A sometimes cited claim is that a garbage collector requires more memory than a traditional heap. The most obvious example is a semi-space copying GC which will require at most 2x the peak heap size (but in practice only 2x the working set) in reserve. To maintain adequate throughput a garbage collector will often use more memory, allowing the heap to grow larger before a GC occurs. And usually this is preferred, but if its not your GC should allow you to tune these parameters. Many GCs can also perform compacting, semi-space copying GCs come by this naturally. Therefore, even if more virtual memory is used it may be possible for a GC to compact the set of working memory into less memory, leading to better cache and TLB efficiency. I previously wrote about memory fragmentation in BDW GC in this initial article and a follow-up).
If you’ve noticed a theme here it’s that many things are trade-offs against one another. Unlike the other falsehood articles these GC falsehoods are softer, many of them are sometimes true, but the point is they’re not always true as some programmers may believe. A lot of them come down to tuning and what types of performance and other characteristics are required. A GC may pause or may be slow, but it depends on what’s important to your application. This means that engineers need to have the ability to make these choices for their application, and while many GCs allow you to do some basic tuning of parameters I’ve read a few claims that through tuning they still could not get the required performance. I think this means we need more languages that allow you to choose an appropriate GC (as far as I know only the Oracle JVM allows you to choose which GC to use easily) and provide easy to follow information about how to tune it.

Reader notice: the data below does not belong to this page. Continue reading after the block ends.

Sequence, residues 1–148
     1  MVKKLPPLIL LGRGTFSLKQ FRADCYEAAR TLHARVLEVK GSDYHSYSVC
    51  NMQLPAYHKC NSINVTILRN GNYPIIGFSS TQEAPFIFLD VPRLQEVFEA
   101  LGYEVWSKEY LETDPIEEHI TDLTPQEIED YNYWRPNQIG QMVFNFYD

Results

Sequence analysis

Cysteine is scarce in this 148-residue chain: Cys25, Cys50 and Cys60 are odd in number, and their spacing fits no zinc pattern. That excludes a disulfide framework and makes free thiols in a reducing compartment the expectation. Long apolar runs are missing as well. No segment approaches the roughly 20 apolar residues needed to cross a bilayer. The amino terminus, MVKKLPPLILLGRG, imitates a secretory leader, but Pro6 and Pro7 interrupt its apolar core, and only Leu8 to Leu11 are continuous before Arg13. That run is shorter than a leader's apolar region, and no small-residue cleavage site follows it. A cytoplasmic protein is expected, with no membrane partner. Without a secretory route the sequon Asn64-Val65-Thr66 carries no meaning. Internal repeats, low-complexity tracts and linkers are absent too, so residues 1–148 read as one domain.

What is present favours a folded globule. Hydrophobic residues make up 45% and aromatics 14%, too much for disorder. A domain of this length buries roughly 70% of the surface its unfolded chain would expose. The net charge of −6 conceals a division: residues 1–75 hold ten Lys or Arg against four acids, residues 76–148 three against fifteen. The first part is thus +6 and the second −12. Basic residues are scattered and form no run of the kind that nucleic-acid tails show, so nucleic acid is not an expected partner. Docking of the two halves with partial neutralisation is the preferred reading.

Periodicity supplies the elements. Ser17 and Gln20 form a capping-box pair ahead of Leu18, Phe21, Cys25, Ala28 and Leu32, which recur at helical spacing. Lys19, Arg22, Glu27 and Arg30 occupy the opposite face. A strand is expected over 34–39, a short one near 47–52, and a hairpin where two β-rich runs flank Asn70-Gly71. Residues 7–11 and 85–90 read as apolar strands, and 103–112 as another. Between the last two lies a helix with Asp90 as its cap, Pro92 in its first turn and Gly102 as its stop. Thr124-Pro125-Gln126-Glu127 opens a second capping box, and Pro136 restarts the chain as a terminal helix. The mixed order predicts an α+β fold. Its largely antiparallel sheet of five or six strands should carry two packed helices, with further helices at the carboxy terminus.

I have also previously written about techniques such as Rust’s lifetimes and borrowing (GC vs other memory management techniques). To summarise that article I’d say: for most programs, most of the time, the developer should not be burdened with managing lifetimes.
GC is one of only a few areas that has been surveyed extensively. Meaning that not only do people publish papers in it, but that these papers are read, curated and organised further sometimes into books, both also into other sources of information. This means that although it’s a complex field, it’s not too hard to find prior work.
In addition to the links at the top of the page I can recommend: